Tag Archives: Hamakua

Energy On The Farm

Richard Ha writes:

We’ve had two days of rain and Wai‘a‘ama Stream is a raging torrent. Incredible amounts of water running down the flume!

In addition to using the water that’s all around us, we utilize the energy of the sun. Because what drives plant growth? Sun energy in a certain range.

Photosynthetically active radiation
From Wikipedia, the free

Photosynthetically active radiation, often abbreviated PAR, designates the spectral range (wave band) of solar radiation from 400 to 700 nanometers that photosynthetic organisms are able to use in the process of photosynthesis….

 Read the rest

We use a sensor that measures the sun energy per meter squared and gives a number for the total accumulated in a day. We keep track of the total.

The sun energy total was low these last two days. This is something we expected, because the river has been raging.

Farmers routinely use scientific information. This is why I say farmers have common sense.


Time Travel: Looking Back At Our Land

Richard Ha writes:

We’re planning to landscape the area around our new hydroelectric system with canoe plants, the plants that the first Polynesian settlers brought with them from their previous island homes to help them survive and thrive in their new land.

They were the original organic farmers. They had no oil back
then, of course, so no oil technologies.

And they did not just survive in their oil-free lives, but thrived and supported a large population here well (research suggests it was a
population as large as we have now).

So as we reach the age of Peak Oil, the end of easy and cheap oil and all that came with that, I want to explore how they did it. I
want to learn from them and see what, from those times, we can focus on again to improve our lives now. Our hydroelectric system is another example of what we are doing in these regards.

There are still people, of course, who have always lived
with the old ways, and who continue to do so. I met some people at the Hawai‘i Community College who are perpetuating this culture and who have offered to help me. I’ll write more about that soon.

For now I thought I’d revisit what we know happened on this
land before we started farming it. A lot of this information comes from the Cultural Resources Review of our poperty done by the USDA’s Natural Resources Conservation Service.

Screen Shot 2013-10-28 at 2.35.05 PM

Our farm encompasses three ahupua‘a in the district of South Hilo:

1. Ka‘upakuea at the north (bordered at the south by Makea Stream).

We don’t know much about what went on in Ka‘upakuea before the mid-19th century. In the mid-1800s, both Ka‘upakuea and Kahua were government lands, which were lands Kamehameha III gave “to the chiefs and people.” Ka‘upakuea was part of Grant 872. (Read the 1882 document A Brief History of Land Titles in the Hawaiian Kingdom for more on Hawai‘i’s historical land system.)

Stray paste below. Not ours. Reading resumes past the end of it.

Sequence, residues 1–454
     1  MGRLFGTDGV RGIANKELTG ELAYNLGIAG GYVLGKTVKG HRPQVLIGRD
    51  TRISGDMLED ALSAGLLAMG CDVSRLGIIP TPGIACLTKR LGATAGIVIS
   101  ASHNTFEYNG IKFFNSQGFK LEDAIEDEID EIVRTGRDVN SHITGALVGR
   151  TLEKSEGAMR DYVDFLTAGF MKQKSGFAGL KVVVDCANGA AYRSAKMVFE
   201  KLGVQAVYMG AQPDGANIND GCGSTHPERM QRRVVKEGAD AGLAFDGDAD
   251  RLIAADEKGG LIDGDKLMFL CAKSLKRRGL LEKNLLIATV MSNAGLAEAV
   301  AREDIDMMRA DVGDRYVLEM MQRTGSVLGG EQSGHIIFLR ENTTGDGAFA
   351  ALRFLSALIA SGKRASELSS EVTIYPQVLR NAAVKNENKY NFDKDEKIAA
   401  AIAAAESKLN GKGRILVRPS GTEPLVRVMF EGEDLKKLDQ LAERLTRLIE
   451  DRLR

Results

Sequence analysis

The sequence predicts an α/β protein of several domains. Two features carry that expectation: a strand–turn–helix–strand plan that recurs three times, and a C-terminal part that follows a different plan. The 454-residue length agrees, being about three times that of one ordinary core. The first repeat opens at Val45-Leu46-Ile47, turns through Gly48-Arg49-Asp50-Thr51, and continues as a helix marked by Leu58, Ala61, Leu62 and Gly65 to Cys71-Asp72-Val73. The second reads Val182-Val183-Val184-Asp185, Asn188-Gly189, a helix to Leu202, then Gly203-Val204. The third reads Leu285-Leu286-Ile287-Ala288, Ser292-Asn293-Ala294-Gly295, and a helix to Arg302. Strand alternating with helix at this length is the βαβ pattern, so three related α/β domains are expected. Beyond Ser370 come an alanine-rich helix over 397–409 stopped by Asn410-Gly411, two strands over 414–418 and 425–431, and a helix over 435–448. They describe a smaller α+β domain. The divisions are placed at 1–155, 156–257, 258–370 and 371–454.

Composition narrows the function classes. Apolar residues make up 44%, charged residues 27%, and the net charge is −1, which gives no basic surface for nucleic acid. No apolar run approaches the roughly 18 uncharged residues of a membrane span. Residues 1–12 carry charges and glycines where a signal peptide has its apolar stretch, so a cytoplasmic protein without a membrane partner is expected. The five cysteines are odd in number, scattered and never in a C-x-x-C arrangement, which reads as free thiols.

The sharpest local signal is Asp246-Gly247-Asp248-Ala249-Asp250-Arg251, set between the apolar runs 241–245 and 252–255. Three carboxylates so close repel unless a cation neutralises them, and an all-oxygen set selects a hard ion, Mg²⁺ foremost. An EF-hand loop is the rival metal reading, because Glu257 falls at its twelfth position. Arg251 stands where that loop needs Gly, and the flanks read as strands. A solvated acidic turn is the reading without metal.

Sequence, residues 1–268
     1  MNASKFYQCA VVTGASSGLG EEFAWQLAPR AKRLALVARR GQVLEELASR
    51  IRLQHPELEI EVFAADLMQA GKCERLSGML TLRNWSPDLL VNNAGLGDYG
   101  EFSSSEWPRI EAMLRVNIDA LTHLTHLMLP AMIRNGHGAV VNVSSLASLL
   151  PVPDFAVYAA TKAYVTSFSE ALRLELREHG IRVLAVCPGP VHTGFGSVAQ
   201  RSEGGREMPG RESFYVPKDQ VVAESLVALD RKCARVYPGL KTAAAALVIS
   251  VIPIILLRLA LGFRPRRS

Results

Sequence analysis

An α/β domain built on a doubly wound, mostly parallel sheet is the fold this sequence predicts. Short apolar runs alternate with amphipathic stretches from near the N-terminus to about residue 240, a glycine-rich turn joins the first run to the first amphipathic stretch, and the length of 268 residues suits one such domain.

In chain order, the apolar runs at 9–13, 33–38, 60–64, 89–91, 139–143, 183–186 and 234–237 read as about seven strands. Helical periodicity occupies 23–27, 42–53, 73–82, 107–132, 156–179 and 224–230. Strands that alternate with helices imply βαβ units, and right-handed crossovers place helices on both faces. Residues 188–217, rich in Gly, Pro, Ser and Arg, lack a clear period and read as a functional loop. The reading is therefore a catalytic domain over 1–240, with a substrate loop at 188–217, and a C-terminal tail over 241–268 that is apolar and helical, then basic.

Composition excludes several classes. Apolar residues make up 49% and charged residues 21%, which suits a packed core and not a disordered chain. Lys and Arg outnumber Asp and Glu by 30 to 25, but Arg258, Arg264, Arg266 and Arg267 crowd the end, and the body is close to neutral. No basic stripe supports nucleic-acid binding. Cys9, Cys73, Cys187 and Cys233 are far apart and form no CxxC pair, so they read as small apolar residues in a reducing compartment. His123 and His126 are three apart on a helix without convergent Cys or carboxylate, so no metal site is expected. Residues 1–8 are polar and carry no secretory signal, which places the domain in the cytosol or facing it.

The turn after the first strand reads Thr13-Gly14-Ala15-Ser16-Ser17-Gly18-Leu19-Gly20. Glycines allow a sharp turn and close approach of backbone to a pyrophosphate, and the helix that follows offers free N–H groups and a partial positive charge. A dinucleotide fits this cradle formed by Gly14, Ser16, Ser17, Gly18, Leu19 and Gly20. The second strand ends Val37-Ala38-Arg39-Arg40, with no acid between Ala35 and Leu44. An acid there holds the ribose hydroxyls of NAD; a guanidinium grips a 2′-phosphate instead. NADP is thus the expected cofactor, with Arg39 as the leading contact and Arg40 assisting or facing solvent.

The area was later part of a sugar plantation, and has unpaved roadways and a west-east flume. Kaupakuea Camp was within the area of what’s presently our farm.

2. Kahua (which is between Makea and Alia Streams).

Kahua is a very narrow ahupua‘a, approximately 600 feet wide. It extends from the coast to about Makea Spring, which is at about the 980 foot elevation.

Kahonu (an ali‘i who was descended from both the I and Mahi
lines of chiefs, and who was in charge of the Fort at Punchbowl ca. 1833-34) was awarded either the whole of Kahua ahupua‘a or just the northern mauka half of it (references differ) as LCA 5663.

When he died in 1851, his relative Abner Paki (father of
Bernice Pauahi and hanai father of Lili‘uokalani) held the lands “under a verbal will from Kahonu” (Barrère 1994:138). When Paki died in 1855, the lands were listed as Bishop Estate lands.

3. Makahanaloa at its southern edge (bordered by Alia and Wai‘a‘ama Streams).

The ahupua‘a of Makahanaloa (Maka-hana-loa) runs from the coast about 3.5 miles up to the 6600-foot elevation. Kapue Stream flows from the base of Pu‘u Kahinahina down through Makahanaloa. Magnetic Hill is at the southwestern corner at the top of the ahupua‘a, which is a little over a mile wide and meets the North Hilo district boundary.

In the Great Mahele of 1848, 7600 acres of Makahanaloa and
Pepe‘ekeo were awarded to William Charles Lunalilo (an ali‘i who later became king, from 1873 until his death in 1874). Upon his death, his personal property went to his father Charles Kana‘ina.

Here are a couple of interesting facts about Makahanaloa
ahupua‘a: Somewhere within this area, though the exact location is unknown, there was (is?) an “ancient leaping place for souls.”

And according to historian Mary Kawena Pūku‘i, a sacred bamboo grove called Hōmaika‘ohe was planted at Makahanaloa by the god Kane. “Bamboo knifes used for circumcision came from this grove,” she wrote.